Legally, the building cannot charge extra fees to this resident or limit the dog’s size or breed. Jill Terreri Ramos, New York Times, 23 Mar. 2024 Those two breeds still rank as No. 1 and No. 2 on the AKC list. Melissa Locker, Southern Living, 21 Mar. 2024 The trailers—or, really, mini-films—that came from that period of incubation have slowly become legend among a devoted fan base eager for a new breed and look of Black imagination. Jason Parham, WIRED, 20 Mar. 2024 Flycatchers are migratory birds and breed in the Southwest between May and September before traveling to Latin America for the winter. Hayleigh Evans, The Arizona Republic, 1 Mar. 2024 The former vegetarian built his company on the premise of animal welfare, sourcing directly from farmers who prioritize free-range habitats, heritage breeds and all-grass diets. Stephanie Breijo, Los Angeles Times, 26 Feb. 2024 Below are the nation's top five most popular dog breeds and more about them according to AKC's website. USA TODAY, 21 Mar. 2024 But there is an altogether different breed of Scrabble player. Joe Heim, Washington Post, 17 Mar. 2024 Harrison doesn’t have an overall diagnosis beyond being a French bulldog — an increasingly popular breed prone to health problems. Thalia Beaty, Quartz, 17 Mar. 2024

These examples are programmatically compiled from various online sources to illustrate current usage of the word 'breed.' Any opinions expressed in the examples do not represent those of Merriam-Webster or its editors. Send us feedback about these examples.

Word History

Etymology

Verb

Middle English breden, from Old English brēdan; akin to Old English brōd brood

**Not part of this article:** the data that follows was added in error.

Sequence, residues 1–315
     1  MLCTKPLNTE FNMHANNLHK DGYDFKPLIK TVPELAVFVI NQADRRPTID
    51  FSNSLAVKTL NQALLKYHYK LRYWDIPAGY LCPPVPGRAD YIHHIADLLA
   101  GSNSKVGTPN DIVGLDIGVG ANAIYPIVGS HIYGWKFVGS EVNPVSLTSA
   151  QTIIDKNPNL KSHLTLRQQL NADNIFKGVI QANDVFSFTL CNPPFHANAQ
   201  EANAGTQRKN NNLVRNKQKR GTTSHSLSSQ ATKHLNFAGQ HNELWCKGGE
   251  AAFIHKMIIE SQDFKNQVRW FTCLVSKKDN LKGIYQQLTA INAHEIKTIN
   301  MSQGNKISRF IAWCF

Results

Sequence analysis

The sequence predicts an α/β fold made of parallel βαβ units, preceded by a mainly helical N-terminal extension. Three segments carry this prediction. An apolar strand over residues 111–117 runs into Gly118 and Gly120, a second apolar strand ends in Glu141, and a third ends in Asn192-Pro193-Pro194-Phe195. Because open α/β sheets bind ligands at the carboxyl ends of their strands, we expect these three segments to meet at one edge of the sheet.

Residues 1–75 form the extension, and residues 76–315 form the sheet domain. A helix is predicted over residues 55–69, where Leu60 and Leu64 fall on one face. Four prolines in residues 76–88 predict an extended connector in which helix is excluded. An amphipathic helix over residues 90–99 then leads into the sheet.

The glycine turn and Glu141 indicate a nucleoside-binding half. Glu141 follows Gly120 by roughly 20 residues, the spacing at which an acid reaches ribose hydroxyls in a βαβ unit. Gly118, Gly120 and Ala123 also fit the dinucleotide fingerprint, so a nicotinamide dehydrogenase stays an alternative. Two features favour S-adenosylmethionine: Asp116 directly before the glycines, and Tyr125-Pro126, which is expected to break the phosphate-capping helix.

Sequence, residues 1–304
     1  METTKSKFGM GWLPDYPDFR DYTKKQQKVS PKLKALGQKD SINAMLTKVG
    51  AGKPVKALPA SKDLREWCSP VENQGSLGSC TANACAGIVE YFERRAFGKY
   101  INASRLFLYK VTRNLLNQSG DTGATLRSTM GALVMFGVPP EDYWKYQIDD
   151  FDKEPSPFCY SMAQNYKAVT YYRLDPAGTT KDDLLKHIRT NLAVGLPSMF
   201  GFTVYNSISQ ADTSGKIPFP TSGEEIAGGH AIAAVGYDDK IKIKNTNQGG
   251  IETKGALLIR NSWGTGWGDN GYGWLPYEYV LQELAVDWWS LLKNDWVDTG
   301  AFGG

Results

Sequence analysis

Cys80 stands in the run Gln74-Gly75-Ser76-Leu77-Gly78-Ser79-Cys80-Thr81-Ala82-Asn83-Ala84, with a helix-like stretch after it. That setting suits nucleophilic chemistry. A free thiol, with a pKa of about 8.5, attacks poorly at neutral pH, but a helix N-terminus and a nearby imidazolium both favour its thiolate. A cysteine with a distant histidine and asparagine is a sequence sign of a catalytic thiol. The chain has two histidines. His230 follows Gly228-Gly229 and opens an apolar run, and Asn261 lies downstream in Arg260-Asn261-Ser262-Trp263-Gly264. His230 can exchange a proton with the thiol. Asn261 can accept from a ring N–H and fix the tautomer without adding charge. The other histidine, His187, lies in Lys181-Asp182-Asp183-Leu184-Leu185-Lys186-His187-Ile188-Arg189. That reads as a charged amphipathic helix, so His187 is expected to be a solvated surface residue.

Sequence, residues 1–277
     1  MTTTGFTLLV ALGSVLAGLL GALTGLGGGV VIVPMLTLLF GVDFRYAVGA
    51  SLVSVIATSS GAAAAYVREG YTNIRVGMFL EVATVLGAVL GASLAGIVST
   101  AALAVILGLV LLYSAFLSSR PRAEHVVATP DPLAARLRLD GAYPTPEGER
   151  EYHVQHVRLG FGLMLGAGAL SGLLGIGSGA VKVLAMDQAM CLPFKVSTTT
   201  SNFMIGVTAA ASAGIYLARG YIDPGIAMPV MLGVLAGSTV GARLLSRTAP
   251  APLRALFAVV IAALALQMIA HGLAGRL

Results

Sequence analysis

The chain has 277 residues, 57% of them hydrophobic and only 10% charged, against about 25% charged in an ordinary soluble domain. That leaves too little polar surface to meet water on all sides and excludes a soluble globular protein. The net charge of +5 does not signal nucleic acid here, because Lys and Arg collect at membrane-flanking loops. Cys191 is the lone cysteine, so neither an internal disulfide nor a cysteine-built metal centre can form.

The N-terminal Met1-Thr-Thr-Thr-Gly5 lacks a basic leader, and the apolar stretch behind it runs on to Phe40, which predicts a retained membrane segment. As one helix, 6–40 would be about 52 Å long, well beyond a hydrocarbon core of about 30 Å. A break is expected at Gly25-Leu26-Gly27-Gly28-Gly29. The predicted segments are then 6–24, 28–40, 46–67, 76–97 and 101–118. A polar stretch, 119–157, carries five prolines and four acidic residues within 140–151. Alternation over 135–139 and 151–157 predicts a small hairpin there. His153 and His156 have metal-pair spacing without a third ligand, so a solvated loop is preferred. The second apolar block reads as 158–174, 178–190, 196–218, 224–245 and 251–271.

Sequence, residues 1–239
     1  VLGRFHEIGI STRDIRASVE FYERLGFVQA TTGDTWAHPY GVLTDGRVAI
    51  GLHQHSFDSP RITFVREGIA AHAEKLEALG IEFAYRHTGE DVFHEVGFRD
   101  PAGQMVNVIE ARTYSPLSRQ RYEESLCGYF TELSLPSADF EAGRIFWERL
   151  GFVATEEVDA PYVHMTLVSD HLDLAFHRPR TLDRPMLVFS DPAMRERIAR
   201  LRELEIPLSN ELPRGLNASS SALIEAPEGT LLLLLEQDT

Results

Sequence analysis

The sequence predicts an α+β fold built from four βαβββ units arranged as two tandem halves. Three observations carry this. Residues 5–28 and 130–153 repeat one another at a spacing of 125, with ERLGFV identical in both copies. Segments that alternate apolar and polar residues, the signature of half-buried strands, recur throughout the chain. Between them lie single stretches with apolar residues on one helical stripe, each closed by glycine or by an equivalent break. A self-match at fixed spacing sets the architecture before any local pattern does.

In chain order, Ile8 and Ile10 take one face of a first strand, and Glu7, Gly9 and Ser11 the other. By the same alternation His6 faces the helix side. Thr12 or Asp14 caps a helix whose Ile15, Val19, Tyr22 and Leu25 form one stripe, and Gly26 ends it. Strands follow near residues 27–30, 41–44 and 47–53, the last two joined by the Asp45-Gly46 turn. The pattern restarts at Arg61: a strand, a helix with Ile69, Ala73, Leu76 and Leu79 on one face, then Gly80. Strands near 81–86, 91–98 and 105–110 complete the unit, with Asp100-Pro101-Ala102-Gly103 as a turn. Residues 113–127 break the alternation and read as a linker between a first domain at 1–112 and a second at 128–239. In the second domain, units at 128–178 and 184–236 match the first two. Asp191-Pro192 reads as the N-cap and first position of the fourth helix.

Noun

noun derivative of breed entry 1

First Known Use

Verb

before the 12th century, in the meaning defined at transitive sense 1

Noun

1553, in the meaning defined at sense 1

Time Traveler
The first known use of breed was before the 12th century

Dictionary Entries Near breed

Cite this Entry

“Breed.” Merriam-Webster.com Dictionary, Merriam-Webster, https://www.merriam-webster.com/dictionary/breed. Accessed 16 Apr. 2024.

Kids Definition

breed

1 of 2 verb
bred ˈbred How to pronounce breed (audio) ; breeding
1
: to produce (plants or animals) by sexual reproduction
breed cattle
2
: to produce offspring by sexual reproduction
3
: bring up sense 1, train
born and bred in this town
4
: bring about, cause
familiarity breeds contempt
5
: to produce (a fissionable element) by bombarding an element that is not fissionable with neutrons from a radioactive element so that more fissionable material is produced than is used up
breeder noun

breed

2 of 2 noun
1
: a group of animals or plants usually found only under human care and different from related kinds
a breed of cattle
2
: kind, class

Medical Definition

breed

1 of 2 verb
bred ˈbred How to pronounce breed (audio) ; breeding

transitive verb

1
: to produce (offspring) by hatching or gestation
2
: to propagate (plants or animals) sexually and usually under controlled conditions
3
a
: mate
b
: to mate with : inseminate

intransitive verb

1
a
: to produce offspring by sexual union
b
2
: to propagate animals or plants

breed

2 of 2 noun
: a group of animals or plants presumably related by descent from common ancestors and visibly similar in most characters
especially : such a group differentiated from the wild type under domestication

More from Merriam-Webster on breed